What do gentrification, global warming and gluten-free donuts have in common? They’re the recipe for a forthcoming seven-episode comedic web series featuring Latino and black protagonists and based in Oakland, Calif.
Titled “The North Pole” – both a nod to North Oakland’s nickname and a play on words about climate issues – the series focuses on friends Nina, Marcus and Benny as they combat both gentrification and global warming as their neighborhood undergoes drastic changes.
"We wanted to challenge those false narratives that Latinos and younger people don't care about climate change; people of color and Latinos are not victims or bystanders but are multilayered and powerful protagonists," said the series' director, Yvan Iturriaga, who is Chilean-American. "It’s easier and more acceptable to (show) that if you approach it as a comedy.”
The series will launch with a special screening on Thursday, Sept. 7 at Oakland’s historic Grand Lake Theater and will be followed by a worldwide release on YouTube the following week.
Reyna Amaya, who plays Nina, a high school science teacher, said even though "The North Pole" is told from a Bay Area cultural lens, it could appeal to people throughout the country because issues of gentrification and climate justice are universal.
“It’s hella funny and hella relevant. I love how (the series) incorporates comedy with serious issues like gentrification,” the 33-year-old comedian, actress and voice over artist said. “Gentrification is part of my personal story. My mom couldn't afford a house in San Francisco, so we had to move to Oakland when I was in middle school.
With the series, we're trying to convey we're just the kid on the block trying to stay there,” said Amaya, who identifies as mixed race and multicultural.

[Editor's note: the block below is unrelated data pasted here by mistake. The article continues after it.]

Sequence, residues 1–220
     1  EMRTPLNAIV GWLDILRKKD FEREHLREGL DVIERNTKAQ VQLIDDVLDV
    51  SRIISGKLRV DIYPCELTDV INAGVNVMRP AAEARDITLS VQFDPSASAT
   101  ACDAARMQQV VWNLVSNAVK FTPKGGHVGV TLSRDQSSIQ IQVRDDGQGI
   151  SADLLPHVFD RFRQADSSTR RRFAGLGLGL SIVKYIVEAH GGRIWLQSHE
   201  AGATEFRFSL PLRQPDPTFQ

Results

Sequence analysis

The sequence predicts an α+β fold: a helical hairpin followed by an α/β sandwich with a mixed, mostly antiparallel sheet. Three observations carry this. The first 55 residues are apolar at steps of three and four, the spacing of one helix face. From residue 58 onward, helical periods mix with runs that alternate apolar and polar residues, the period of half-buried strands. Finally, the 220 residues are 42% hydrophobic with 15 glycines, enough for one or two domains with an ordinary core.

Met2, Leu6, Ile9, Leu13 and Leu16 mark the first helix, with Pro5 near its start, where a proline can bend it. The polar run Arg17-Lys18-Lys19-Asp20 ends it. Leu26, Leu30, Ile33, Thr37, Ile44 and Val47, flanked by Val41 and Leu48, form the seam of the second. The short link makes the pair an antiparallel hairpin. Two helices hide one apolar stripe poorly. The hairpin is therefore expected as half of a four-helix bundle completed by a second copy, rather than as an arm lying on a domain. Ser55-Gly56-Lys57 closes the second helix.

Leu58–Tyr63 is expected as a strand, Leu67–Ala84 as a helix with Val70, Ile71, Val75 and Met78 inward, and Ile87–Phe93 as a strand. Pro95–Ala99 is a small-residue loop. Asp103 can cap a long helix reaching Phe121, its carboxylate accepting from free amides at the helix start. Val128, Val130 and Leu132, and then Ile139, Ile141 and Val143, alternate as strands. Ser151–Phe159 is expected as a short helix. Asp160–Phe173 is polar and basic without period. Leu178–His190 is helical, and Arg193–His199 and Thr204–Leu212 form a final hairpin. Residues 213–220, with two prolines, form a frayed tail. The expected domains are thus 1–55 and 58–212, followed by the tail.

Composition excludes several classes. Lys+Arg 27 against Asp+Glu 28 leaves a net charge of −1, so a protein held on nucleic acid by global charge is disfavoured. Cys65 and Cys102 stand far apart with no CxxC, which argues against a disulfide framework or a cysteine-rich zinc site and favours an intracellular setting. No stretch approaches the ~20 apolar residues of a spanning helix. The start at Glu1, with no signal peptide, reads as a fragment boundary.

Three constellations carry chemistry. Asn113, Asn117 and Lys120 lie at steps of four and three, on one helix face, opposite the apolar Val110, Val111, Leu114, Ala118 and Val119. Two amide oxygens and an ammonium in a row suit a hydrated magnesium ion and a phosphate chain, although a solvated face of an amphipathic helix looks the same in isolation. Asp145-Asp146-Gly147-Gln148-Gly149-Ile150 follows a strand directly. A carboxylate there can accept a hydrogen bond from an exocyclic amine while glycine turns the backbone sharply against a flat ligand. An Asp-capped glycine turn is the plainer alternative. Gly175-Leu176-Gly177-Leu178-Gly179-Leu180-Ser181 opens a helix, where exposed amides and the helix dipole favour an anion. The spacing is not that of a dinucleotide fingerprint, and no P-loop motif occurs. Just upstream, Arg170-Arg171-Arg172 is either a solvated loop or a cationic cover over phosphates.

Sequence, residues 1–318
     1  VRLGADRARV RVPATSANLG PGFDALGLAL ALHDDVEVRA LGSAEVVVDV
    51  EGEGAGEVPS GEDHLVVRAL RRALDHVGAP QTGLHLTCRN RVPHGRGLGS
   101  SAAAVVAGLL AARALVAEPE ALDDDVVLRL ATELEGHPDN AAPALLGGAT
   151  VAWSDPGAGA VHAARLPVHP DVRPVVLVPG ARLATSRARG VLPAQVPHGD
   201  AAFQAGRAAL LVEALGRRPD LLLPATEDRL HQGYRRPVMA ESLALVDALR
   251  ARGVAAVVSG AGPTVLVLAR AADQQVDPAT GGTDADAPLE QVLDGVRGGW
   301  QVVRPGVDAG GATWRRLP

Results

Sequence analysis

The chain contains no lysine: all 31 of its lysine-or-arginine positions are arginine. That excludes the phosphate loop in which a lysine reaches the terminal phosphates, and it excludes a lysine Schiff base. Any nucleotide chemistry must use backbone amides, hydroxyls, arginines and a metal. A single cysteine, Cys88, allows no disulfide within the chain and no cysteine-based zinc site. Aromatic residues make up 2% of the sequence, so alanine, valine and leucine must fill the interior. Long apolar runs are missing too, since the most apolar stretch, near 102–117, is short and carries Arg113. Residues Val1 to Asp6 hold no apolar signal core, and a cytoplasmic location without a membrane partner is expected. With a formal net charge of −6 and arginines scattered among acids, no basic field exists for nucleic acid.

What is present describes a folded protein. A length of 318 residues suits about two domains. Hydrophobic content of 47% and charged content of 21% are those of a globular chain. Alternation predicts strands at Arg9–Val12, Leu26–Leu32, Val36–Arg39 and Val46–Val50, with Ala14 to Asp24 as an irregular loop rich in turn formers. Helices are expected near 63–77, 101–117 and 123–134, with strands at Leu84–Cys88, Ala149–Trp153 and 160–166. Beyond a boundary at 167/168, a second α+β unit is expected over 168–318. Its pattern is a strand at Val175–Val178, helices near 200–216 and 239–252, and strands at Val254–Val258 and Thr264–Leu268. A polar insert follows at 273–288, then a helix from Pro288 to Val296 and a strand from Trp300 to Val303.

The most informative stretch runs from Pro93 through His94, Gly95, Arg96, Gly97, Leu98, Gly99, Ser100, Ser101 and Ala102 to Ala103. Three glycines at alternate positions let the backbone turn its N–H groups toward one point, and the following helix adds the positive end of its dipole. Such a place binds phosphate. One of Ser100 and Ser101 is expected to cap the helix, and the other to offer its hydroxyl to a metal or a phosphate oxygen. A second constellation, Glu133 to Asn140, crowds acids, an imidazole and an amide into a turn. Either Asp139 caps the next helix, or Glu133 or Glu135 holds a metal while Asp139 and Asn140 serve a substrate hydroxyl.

Iturriaga said he and writer/producer Josh Healey began working on the project last year. It cost less than $100,000; to produce and shoot the seven episodes over 15 days last August and September.
The episodes, which run about 10 minutes each,features guest appearances from comedian W. Kamau Bell, rappers Boots Riley and Mistah FAB, and former Black Panther leader Ericka Huggins. The series kicks off when one of the three main characters is dealing with a rent hike and also features a fictitious environmental company, Greengo, that may not be as benevolent as it seems.
“We want to preach beyond the choir for this project. People already interested in climate change will watch, but others may tune in if they think it's a cool show,” said Iturriaga, who stresses that a lot of people of color are affected by climate change.
Iturriaga previously worked on PBS specials such as "The Storm That Swept Mexico" and "A Photographer’s Journey." His short film "Beep" was an official selection at the San Francisco Latino Film Festival. Born in the United States, Iturriaga grew up in Chile and other parts of Latin America before relocating to Oakland as a teenager.
He was raised with an environmental and political consciousness at a young age.
“My parents were part of the movement to overthrow the dictatorship in Chile," Iturriaga said. "I grew up being a critical thinker and caring about those around me.”
Gentrification, he said, “is not just making fun of white people and coffee shops; it's a systemic problem. The Bay Area, which was predominantly black and Latino before, has seen a lot of changes. Most people, including artists, can’t afford to live in places like Oakland anymore.”
More than half of low-income households, in the nine-county Bay Area region “live in neighborhoods at risk of or already experiencing displacement and gentrification pressures,” according to a December 2015 report by the University of California at Berkeley's Urban Displacement Project.
Between 2000 and 2013, there was a loss or almost 106,000 naturally-occurring affordable-housing units, where low-income people pay 30 percent or less of their income on rent.
The study also found that communities of color and renters are particularly at risk for gentrification and displacement. Factors that lead to both gentrification and displacement include “proximity to rail stations, job centers, and historic housing stock, as well as location in a strong real estate market.”
The inspiration for The North Pole’s three main characters are based on real people, Iturriaga said. “These best friends are born and raised in Oakland; it’s a show about home, both locally and globally. It’s a show about what’s going on around them, and how they deal with it.”